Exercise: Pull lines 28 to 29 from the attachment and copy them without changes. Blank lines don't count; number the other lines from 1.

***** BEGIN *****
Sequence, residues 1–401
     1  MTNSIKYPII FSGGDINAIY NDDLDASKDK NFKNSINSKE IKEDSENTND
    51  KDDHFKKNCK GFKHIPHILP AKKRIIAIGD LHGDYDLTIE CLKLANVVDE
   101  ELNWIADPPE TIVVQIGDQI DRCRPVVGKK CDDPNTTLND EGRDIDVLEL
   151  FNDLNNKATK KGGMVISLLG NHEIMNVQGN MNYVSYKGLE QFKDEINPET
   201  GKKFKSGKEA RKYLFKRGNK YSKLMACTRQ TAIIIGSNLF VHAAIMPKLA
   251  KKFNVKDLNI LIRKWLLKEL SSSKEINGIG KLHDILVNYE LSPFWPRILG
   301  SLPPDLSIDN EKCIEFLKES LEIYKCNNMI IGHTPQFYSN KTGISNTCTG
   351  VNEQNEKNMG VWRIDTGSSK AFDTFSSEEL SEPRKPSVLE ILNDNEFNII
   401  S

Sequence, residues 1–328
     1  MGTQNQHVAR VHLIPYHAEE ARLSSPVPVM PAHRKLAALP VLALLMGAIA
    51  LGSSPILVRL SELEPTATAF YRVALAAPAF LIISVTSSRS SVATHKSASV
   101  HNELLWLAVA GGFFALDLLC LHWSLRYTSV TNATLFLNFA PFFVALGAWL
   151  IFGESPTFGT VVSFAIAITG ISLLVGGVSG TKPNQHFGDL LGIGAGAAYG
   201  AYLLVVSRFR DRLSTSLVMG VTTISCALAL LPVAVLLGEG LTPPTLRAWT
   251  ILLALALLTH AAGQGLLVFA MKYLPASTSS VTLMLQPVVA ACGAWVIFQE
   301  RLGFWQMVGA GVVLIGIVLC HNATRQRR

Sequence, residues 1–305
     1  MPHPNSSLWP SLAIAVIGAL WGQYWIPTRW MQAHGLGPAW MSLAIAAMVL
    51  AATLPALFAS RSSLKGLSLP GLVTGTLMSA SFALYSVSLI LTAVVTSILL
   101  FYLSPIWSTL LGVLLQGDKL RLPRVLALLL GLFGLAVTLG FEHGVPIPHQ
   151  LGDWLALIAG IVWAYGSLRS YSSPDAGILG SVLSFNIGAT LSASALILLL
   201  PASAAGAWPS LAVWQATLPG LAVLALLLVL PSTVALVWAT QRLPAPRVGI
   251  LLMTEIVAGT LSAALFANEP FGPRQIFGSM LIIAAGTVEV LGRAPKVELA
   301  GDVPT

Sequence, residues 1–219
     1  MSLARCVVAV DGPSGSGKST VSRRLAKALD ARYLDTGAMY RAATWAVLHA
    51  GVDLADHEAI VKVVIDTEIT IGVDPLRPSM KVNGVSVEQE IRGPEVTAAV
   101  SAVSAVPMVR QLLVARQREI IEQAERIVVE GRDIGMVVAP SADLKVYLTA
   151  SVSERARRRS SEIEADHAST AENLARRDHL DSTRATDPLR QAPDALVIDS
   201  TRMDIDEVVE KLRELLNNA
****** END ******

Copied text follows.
     1  MSLARCVVAV DGPSGSGKST VSRRLAKALD ARYLDTGAMY RAATWAVLHA
    51  GVDLADHEAI VKVVIDTEIT IGVDPLRPSM KVNGVSVEQE IRGPEVTAAV